ABOUT MILK,
CALCIUM & BONE HEALTH.

What are the functions of the nutrients found in milk?

Energy: 129 calories (540 kJ) for 2% white milk
  Nutrient Nutritional Benefit
  Protein Builds and repairs body tissues, including bones; builds antibodies, the part of blood that fights infection.
  Carbohydrates Supply energy and assist in the utilization of fats
  Fat Assists in the absorption of fat-soluble vitamins
  Vitamin A Helps normal bone and tooth development; maintains the health of skin and membranes
  Thiamin Releases energy from carbohydrates
  Niacin Assists normal growth and development; maintains a normal nervous system and gastrointestinal tract
  Folate Contributes to red blood cell formation
  Pantothenic Acid Aids in release of energy from carbohydrates and in breakdown and metabolism of fat
  Phosphorus Helps in the formation and maintenance of strong bones and teeth
  Vitamin D Enhances calcium and phosphorus utilization in the formation and maintenance of healthy bones and teeth
  Riboflavin Maintains healthy skin and eyes maintains a normal nervous system; releases energy to body cells during metabolism
  Vitamin B6 Helps in many aspects of protein metabolism; and assists in the formation of red blood cells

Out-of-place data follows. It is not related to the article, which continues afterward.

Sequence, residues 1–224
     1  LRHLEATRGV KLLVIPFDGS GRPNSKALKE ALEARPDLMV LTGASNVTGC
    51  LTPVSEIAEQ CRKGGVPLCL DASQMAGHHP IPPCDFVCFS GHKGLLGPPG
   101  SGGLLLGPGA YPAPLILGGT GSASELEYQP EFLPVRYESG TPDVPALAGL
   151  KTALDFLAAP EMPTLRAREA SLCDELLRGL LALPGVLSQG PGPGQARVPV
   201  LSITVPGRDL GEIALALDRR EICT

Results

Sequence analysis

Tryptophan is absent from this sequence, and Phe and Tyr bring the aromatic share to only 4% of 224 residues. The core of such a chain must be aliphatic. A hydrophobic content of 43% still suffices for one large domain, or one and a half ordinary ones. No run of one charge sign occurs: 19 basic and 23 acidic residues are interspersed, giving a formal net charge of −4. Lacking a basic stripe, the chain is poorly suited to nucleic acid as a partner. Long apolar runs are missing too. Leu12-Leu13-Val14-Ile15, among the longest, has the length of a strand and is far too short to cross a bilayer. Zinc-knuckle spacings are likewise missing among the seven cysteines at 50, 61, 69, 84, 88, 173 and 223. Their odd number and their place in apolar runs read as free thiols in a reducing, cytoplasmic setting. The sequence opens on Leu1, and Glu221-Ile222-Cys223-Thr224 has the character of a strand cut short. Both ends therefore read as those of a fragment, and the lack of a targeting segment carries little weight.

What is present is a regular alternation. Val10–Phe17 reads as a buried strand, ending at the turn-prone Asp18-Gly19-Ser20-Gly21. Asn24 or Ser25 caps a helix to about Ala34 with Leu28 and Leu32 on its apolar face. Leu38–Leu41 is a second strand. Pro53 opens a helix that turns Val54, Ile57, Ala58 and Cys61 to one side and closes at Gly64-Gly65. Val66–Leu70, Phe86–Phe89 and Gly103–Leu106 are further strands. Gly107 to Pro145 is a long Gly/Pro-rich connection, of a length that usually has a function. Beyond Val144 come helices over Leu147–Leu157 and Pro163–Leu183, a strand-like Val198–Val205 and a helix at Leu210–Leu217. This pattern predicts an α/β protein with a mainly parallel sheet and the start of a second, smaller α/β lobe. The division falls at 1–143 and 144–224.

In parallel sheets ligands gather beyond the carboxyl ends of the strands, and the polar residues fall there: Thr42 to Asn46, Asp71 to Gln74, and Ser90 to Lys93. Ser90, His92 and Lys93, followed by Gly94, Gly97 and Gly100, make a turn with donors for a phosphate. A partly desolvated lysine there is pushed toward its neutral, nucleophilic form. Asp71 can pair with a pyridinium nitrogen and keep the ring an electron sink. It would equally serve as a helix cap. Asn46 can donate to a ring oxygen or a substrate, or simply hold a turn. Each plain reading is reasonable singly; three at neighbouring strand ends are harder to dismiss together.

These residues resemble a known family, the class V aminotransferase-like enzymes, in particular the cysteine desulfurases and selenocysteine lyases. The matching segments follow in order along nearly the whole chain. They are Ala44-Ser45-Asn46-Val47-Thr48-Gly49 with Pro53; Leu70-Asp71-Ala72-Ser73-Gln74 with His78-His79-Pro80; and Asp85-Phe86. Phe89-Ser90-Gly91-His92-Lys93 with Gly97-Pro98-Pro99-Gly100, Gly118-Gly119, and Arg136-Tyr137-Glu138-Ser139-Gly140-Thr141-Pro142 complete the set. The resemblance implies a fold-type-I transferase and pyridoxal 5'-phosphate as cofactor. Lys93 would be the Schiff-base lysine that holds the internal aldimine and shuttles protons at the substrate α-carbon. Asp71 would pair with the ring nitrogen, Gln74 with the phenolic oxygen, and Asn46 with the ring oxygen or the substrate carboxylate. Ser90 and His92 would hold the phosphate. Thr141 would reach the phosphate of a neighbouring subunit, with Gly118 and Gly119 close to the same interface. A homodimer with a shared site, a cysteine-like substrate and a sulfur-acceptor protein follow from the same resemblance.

Vitamin B12 Contributes to red blood cell formation; helps maintain healthy nerve and gastrointestinal tissues
  Calcium Helps in the formation and maintenance of strong bones and teeth, promotes healthy nerve function and normal blood clotting
  Magnesium Maintains strong bones and teeth; helps in energy metabolism and tissue formation
  Potassium Helps in the correct functioning of nerves
  Sellenium A factor in the correct functioning of the immune system
  Zinc Contributes to energy metabolism and tissue formation

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What are the P4B nutrition recommendations based on?

P4B's nutrition recommendations are based on 2 documents: Eating Well with Canada's Food Guide (published in 2007) and the Dietary Reference Intakes (DRIs) for calcium (published in 2010). Canada's Food Guide recommends that children ages 9 to 18 consume 3 to 4 servings of from the Milk and Alternatives food group every day.

The Recommended Dietary Allowance (RDA, as per the DRIs) for calcium for children ages 9 to 18 is 1,300 mg per day. The upper end of the range - that is, 4 servings of milk or alternatives per day - provides about 1,200 mg of calcium, which is close to the RDA for calcium for this age group.

We will always refer to the upper end of the range of milk and alternatives servings recommended in Canada's Food Guide in the Power4Bones program because it comes closest to meeting the RDA for calcium for this age group.

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Why does the P4B program encourage grade 5 students to consume 4 servings of milk or alternatives every day?